“My song is love, love to the loveless shown. And it goes on, you don't have to be alone.” –Coldplay, A Message
“Mommy, I signed up to sing in the talent show. The auditions are April 23rd,” Kyla announced when I arrived home the other day.
I gave my daughter a hug. She grinned from the excitement. We talked about what song she might sing, about memorizing lyrics, and on and on.
But then the next morning came, and she spoke up on the way to school.
“Mommy, I feel nervous. I don’t know if I can sing in front of lots of people. And what if I don’t get picked after auditions?”
“I understand why you might feel that way,” I replied.
You see, in my teen years, I tried out for Varsity volleyball. The tryouts were held on a Wednesday night and so I had to miss youth group to attend. Since my friends would be aware of my absence, I told them to come over to the school after church.
I played hard in tryouts and when the rosters were posted, my name wasn’t anywhere. Not even on Junior Varsity, which is what I had played the previous year. I mean, I had wanted to play Varsity with my teammates but I also just loved volleyball. JV would have been okay too.
My heart beat faster. As more people looked at the list, they began to notice I was not on there. I felt embarrassed, especially because my friends from church had come over to see me and celebrate by this time.
The coach called me into her office. Her words: “We cut you because of your serves. You can’t do them, and you never will be able to.”
You can’t, and you never will be able to.
Those words have played over and over in my head for so many years.
I relayed some of this story to Kyla as we talked about fear of disappointment. “But that’s mean!” she exclaimed. “Coaches shouldn’t talk like that to kids. They should want to help them.”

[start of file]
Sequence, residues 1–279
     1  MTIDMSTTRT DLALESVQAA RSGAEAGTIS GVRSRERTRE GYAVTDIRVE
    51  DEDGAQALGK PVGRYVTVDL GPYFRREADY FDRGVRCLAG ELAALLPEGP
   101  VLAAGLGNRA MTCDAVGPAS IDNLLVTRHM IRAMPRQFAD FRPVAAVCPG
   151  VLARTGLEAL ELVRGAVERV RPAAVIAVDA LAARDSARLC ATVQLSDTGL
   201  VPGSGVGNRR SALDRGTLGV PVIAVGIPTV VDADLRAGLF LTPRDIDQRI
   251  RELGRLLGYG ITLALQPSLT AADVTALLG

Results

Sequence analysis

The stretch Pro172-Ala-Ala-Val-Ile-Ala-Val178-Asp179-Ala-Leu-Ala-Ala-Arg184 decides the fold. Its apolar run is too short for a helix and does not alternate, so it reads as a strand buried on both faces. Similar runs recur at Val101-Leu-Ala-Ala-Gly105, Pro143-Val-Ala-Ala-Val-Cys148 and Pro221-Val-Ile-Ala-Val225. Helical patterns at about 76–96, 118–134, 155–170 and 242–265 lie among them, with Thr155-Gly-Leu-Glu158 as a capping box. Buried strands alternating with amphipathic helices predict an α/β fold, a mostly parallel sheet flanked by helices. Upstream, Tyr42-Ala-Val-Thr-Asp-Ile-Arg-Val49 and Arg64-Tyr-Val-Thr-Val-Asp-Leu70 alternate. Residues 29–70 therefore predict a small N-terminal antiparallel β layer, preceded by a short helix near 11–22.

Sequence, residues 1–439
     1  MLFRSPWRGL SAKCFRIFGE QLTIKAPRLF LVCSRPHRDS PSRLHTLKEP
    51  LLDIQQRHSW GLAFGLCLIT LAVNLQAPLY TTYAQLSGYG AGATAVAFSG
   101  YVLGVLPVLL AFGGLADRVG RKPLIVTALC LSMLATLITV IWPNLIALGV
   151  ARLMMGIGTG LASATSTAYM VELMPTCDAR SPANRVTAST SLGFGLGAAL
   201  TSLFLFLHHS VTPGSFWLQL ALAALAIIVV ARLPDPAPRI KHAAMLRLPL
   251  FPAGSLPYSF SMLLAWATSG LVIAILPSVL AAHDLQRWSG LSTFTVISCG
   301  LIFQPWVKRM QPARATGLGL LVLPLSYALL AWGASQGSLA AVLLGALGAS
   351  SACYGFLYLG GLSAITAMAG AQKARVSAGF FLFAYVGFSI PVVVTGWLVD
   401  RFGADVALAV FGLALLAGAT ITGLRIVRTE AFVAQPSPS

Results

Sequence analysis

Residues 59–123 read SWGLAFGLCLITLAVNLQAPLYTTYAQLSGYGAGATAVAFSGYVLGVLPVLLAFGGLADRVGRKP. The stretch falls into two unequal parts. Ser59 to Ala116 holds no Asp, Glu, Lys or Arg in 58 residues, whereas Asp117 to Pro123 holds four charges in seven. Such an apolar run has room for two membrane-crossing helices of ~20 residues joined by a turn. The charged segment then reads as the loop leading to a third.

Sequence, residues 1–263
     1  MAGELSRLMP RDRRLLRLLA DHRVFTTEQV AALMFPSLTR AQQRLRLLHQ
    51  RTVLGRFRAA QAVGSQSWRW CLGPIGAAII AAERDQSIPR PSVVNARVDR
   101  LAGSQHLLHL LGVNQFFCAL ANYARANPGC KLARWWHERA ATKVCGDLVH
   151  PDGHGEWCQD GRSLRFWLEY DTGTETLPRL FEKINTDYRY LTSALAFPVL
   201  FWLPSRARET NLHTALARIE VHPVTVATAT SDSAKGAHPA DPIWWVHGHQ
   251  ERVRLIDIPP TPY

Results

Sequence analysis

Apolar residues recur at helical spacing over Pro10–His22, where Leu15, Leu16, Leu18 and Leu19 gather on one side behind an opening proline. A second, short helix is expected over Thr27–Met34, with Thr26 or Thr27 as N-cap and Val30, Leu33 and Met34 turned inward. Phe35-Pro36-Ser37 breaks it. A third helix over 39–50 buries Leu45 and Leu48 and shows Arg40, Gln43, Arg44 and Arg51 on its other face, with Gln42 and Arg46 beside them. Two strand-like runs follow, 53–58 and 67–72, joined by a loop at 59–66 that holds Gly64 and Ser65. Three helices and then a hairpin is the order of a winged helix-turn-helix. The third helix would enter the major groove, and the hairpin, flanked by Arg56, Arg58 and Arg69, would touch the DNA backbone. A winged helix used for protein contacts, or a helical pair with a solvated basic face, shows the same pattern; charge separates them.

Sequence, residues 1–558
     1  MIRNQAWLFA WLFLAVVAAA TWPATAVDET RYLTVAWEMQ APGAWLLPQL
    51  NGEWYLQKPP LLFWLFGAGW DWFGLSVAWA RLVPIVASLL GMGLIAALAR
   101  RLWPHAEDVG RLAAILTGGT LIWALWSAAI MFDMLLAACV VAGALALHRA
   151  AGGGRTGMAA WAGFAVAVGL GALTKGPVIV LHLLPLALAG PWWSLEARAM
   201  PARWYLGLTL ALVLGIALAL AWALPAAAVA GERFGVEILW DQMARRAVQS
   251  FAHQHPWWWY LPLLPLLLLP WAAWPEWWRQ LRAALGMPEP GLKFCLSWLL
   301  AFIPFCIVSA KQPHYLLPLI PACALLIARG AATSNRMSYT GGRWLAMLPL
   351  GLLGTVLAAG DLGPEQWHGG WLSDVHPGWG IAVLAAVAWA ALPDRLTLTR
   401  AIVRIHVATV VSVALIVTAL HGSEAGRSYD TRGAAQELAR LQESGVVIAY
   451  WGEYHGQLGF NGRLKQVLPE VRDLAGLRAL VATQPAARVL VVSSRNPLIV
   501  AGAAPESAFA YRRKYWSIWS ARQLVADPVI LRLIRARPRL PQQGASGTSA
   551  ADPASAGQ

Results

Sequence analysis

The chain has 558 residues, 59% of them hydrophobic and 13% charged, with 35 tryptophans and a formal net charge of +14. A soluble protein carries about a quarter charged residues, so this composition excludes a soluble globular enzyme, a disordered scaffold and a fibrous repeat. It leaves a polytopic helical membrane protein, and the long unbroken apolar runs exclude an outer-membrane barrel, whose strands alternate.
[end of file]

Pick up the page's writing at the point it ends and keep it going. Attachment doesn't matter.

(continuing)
“I know,” I answered. “That is true. But I didn’t give up either just because someone said those things.”
Oh, what happened…well, I worked hard. Played on a club team in the spring, came back to play Varsity the next fall, and ended up being the only freshman to start on my collegiate team. Why? Because of my damn good serves.
I continue to learn the value of evaluating harmful messages that have been handed down to so many of us from the most terrible of places. The lines and lies we believe about ourselves. The ones that somehow work their way into our believing that God thinks the same of us.
And there have been so many others. So many twisted phrases and broken beliefs that came from leaders, and other Christians, and my youth pastor (who made an assumption that volleyball was my idol and told me God would make me break my ankle if I didn’t quit).
I have played hard. I have tried hard, and I have loved hard.
The thing is that in spite of the fact that I have tried to serve and obey and love God to my fullest, He loves me harder. And His love comes with no conditions. He would love me if I had done nothing at all. That is the message I want played over and over in my heart and in my head and in my life.
It is the same message I hope to play for my daughters. It’s the message I hope they hear loud and clear as God meets them in their own confusing and difficult moments, where the words from those they respect, and also those they don’t respect, try to become an overplayed loop of accusation.
As our conversation in the van continued, I told Kyla, “If you don’t make tryouts for the talent show, you aren’t a bad person. It doesn’t mean you aren’t good enough. It doesn’t mean that you aren’t loved. You won’t disappoint mommy and daddy and you won’t disappoint God. You can never be a disappointment God. You are His daughter. He made you, and He loves you.”
I said those last few words with a lump in my throat. I type them today with a lump in my throat. They are still hard to believe sometimes, especially for those of us who grew up in a works-based faith environment.*
But that is the truth. And it doesn’t matter whatever else I model and share with my children. This song of Love is the foundation I will use. We will work from that belief first. In every conversation about modesty and faith and friendship in the coming years, we will begin here. As the beloved of God.
May all of us always hear and know our God loves us with an everlasting love that holds no prerequisites, no criteria to meet in order to receive acceptance, and no stupid tryouts.
Now that’s a message worth playing. And worth singing about too.
*I can't even read this Huffington Post article without a mix of emotions. Perhaps you have "brought the best of yourself" too?